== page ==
We have monitoring in place with dozens of custom performance counters streaming around in real-time. We can track service times, hit rates and other metrics at a very granular level because we own the code. We can try to make sure we’re not waiting on I/O regardless of how the bits are stored. So, in other words, we can be reasonably sure we’re not changing the flow too much.
Further thoughts on overall latency reductions and the ‘more engaged’ perspective. Reducing storage latencies by several orders of magnitude will result in lower client response times and, for e-commerce, higher conversion rates. As a second order effect solid state storage might also increase DB load due to increased conversion rates. But that is a good thing!
That’s an interesting thought Mark. If the mid-tier is faster, then there would be less mid-tier servers so the cache miss traffic from each mid-tier to the DB tier would go up. The absolute miss count shouldn’t change but the number of misses from each mid-tier would go up.
Here’s another possibility. If customers were more engaged with MySpace and used it more because of the lower average latencies from the fast cache (quite possible: //perspectives.mvdirona.com/2009/10/31/TheCostOfLatency.aspx), then the DB load for a given set of users might actually go up.
Lots of possibilities and one of the reasons why I believe in testing in production. Its often hard to predict the secondary and tertiary impacts of a change.
James, I was just wondering if there was any impact on the database tier. I wasn’t implying the database tier would be reduced. I agree that, on a first order, the DB tier workload would be unchanged. My thinking was along the lines of solid state storage latency reductions changing the database tier workload profile such as burstiness or peak levels. Significant latency changes or queue depth reductions typically move the performance issues to a new area.
I don’t follow why the DB tier would be reduced Mark. If the caching tier has the same hit rate, then the DB load won’t change. I agree that the caching tier might be cheaper but I don’t see the positive impact to the DB tier.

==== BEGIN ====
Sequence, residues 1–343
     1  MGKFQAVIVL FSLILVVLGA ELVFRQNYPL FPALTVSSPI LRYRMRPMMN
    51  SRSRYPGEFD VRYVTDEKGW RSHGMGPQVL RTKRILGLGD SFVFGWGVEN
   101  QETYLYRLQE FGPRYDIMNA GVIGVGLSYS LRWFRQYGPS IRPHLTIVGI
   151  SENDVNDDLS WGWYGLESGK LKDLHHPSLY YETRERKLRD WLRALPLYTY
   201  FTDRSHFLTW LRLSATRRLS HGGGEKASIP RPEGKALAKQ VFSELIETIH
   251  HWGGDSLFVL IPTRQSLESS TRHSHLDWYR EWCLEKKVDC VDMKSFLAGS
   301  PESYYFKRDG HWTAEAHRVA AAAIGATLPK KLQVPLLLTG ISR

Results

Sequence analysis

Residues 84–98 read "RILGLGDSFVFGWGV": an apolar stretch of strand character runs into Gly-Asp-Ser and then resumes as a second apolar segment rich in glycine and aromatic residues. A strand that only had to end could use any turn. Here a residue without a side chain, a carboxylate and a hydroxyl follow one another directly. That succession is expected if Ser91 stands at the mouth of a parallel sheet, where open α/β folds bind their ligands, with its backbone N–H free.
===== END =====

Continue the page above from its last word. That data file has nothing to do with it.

Thanks to Chris for clarifying the application of SSDs. I was fairly confident it was only the cache servers, not the cooler data. In any case, a pretty impressive reduction in HW. If all the numbers match (insert disclaimer) per the Fusion-io article (http://www.fusionio.com/load/media-docsArticle/kcb62o/MySpace-Goes-Green-Saves-Space-Power-and-Maintenance.pdf ) HW requirements (read cache servers) were reduced 60%. A quick estimate would be 20,000 15K rpm drives (800/0.4 * 10 SAS HDDs per server) and associated RAID controllers replaced with 800 Fusion-io ioDrives.
Are there any observations on the impact to the database tier of cutting cache tier HW by 60% ?
Thanks to Chris Bell of MySpace and to myspace presumably from also MySpace for addressing the open source issue, the "replace all disks with SSDs" confusion, and providing a bit more background across the board. Thanks for the comments.
Providing context, for those that didn’t read the SSD discussion, it’s at: //perspectives.mvdirona.com/2009/10/14/ReplacingALLDiskWithSSD.aspx
Chris from MySpace corrects the FusionIO press release that they didn’t "replace all disk" which would be nuts. And, its not the power gains that make it a win. What they did at MySpace was use SSDs in the caching tier where they are driving prodiguous random I/Os. This is a wonderful use of SSDs and this is exactly where they offer great value. If you have a super hot, random I/O workload and the social networking hairball problem is certainly that, SSDS are a great choice.